While Europe currently lags behind the US in electronic commerce, the widespread use of mobile technology and smartcards will help Europe catch up or even surpass the US, according to analysts here.
The large number of mobile phone users combined with emerging technologies, including WAP (wireless application protocol) and Bluetooth, means that at least 40 percent of consumer e-commerce transactions outside of North America will take place from mobile devices by 2004, according to a new research paper prepared by analysts with Gartner Group. The analysts presented their findings at a press briefing as part of Gartner's European Symposium/ITxpo '99, being held here through Thursday.
Bluetooth, combined with smartcard technology, may also mean that consumers will use smartcard chips in their mobile phones to pay for ordinary, low-priced purchases such as drinks from vending machines or parking tolls, said Nigel Deighton, research director for Gartner in France.
Bluetooth is a technology, that, when released, will allow devices to communicate with each other via low-powered radio transmissions.
In its first release, due out next year, Bluetooth will only connect one device with another -- it's only point to point. Eventually, according to Deighton, Bluetooth will allow many devices to connect with each other. That means that a person's mobile phone can connect without cables with a personal digital assistant or handheld computer or other electronic devices. The GSM (global system for mobile communication) essentially becomes a personal communication server, connecting all various devices through one GSM subscription, Deighton said.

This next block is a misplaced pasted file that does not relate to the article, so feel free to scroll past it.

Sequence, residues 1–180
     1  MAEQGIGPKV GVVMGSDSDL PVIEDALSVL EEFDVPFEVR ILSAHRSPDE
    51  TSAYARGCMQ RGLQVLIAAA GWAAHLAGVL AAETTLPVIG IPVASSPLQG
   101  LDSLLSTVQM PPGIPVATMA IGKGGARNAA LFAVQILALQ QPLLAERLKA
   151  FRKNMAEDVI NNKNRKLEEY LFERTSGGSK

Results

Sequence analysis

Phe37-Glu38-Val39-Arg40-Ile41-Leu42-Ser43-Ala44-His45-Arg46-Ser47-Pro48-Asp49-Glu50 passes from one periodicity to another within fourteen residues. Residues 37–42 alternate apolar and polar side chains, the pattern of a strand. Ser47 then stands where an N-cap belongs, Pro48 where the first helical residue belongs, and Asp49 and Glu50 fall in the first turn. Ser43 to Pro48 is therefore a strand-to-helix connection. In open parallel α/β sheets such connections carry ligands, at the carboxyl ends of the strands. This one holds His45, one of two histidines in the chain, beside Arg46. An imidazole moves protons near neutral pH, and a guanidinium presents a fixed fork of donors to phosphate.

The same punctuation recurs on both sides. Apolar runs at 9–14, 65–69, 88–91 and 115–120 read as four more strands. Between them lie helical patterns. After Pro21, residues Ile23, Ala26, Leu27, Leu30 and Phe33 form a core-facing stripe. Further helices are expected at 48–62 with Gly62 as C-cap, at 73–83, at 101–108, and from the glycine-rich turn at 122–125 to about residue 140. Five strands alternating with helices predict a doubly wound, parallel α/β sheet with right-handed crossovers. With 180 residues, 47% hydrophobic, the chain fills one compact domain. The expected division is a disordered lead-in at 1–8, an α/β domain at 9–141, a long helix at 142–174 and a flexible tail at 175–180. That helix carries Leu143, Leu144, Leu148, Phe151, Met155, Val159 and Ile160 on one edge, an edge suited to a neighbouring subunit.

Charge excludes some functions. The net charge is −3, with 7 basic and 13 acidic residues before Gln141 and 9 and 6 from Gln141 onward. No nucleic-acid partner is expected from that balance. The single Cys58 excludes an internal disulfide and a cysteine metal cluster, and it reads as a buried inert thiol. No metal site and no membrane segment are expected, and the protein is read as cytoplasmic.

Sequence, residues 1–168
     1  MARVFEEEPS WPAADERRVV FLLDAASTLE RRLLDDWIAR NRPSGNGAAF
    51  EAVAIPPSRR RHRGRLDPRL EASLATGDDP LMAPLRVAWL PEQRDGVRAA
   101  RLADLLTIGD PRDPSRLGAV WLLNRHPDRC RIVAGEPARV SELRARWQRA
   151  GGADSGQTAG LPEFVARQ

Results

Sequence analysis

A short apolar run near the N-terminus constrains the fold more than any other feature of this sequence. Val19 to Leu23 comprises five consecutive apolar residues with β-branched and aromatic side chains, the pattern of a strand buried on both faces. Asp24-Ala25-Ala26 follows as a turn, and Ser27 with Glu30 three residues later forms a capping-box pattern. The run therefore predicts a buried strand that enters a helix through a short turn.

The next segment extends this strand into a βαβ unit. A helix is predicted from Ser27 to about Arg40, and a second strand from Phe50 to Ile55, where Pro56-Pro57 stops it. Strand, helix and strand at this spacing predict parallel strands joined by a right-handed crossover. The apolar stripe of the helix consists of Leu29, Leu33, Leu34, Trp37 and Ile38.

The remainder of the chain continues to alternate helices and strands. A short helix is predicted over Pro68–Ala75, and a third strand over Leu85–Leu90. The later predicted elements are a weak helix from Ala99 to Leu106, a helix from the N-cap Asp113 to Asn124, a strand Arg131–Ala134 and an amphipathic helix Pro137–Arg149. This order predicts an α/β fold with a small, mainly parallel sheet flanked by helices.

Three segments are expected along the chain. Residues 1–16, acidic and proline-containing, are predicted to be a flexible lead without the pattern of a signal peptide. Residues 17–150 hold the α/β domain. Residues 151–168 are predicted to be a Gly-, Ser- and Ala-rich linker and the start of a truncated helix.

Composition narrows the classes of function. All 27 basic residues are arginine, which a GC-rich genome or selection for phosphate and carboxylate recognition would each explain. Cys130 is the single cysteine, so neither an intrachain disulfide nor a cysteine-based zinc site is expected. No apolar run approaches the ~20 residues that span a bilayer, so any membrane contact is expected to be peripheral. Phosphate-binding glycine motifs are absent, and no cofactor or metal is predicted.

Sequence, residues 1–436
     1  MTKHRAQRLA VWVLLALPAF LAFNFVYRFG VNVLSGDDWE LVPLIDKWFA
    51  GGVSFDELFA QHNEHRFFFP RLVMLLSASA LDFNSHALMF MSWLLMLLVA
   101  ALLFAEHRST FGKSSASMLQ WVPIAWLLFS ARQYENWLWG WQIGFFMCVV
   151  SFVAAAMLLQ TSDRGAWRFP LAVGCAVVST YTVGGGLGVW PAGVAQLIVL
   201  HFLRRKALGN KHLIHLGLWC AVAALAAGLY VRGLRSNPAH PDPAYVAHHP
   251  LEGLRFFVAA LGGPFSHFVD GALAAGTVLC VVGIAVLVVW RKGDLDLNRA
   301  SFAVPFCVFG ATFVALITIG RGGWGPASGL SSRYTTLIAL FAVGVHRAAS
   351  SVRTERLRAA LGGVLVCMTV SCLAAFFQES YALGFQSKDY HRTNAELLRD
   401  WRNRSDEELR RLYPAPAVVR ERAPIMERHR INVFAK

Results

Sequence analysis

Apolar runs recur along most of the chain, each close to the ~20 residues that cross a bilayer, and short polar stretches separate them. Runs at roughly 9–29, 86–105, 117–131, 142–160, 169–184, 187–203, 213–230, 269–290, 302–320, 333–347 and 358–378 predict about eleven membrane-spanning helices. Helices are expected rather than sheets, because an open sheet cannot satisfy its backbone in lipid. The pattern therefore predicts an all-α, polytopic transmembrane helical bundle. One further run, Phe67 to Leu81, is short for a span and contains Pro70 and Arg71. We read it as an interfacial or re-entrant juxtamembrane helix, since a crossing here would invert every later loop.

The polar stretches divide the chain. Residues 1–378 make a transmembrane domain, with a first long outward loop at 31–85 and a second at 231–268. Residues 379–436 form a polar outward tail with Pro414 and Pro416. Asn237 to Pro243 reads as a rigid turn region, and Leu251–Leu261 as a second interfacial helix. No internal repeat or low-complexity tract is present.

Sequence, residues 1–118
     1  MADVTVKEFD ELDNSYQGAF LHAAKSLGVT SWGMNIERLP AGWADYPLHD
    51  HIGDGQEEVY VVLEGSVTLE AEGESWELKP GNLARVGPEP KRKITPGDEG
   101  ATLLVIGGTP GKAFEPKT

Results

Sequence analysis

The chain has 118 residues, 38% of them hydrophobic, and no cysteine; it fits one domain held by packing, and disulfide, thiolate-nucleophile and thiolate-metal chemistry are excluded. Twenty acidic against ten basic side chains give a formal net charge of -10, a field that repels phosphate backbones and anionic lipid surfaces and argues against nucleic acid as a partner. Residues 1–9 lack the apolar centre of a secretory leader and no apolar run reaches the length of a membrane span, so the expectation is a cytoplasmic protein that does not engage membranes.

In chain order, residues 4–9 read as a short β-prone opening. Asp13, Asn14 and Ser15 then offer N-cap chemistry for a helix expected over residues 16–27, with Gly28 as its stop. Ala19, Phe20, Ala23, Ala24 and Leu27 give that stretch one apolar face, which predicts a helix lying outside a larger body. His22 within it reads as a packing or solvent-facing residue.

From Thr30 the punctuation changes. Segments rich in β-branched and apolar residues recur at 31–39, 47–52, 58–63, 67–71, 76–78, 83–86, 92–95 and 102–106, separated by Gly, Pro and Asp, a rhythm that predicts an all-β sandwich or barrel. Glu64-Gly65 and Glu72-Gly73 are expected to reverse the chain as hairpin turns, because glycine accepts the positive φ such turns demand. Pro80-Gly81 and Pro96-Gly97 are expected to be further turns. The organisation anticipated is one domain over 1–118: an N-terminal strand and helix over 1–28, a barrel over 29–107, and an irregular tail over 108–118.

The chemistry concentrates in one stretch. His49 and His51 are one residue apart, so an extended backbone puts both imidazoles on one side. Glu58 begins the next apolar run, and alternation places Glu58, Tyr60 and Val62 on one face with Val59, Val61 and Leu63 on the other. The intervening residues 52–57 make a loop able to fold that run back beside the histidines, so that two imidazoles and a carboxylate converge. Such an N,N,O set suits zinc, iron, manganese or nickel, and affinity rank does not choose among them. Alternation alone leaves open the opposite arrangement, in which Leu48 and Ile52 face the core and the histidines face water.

More than 1,000 companies belong to the industry group supporting Bluetooth, and if even 100 of those companies develop products using the technology it will be unstoppable, Deighton said.
With the use of Bluetooth, a consumer could purchase something like a drink from a vending machine without ever taking out a card or cash. Using Bluetooth, a small charge could be deducted from a smartcard included in the phone. Bluetooth would send signals from the machine to the smartcard, deducting the cost from the user's account.
The technology is far away from being able to complete such transactions, however. Since Bluetooth will only initially be able to communicate with one device, such uses are not possible, Deighton said. Also, when the technology does allow for point to multi-point transmissions, the danger that a user's devices are open to attack from passers-by is a real threat. Hackers could, for instance, create applications that would withdraw money from a user's smartcard and place it in their accounts without the user knowing, since physical contact isn't necessary. The danger of devices infecting each other with viruses is also a real one according to Deighton.
Instead of smartcards, purchases could also be charged to a user's mobile phone bill. One inherent limit to this kind of e-commerce will also be transaction amount, Deighton said. "No mobile carrier would allow you to put a car on your mobile phone bill," Deighton said.
Banks and mobile carriers will work together to create payment systems for such commerce, Deighton said.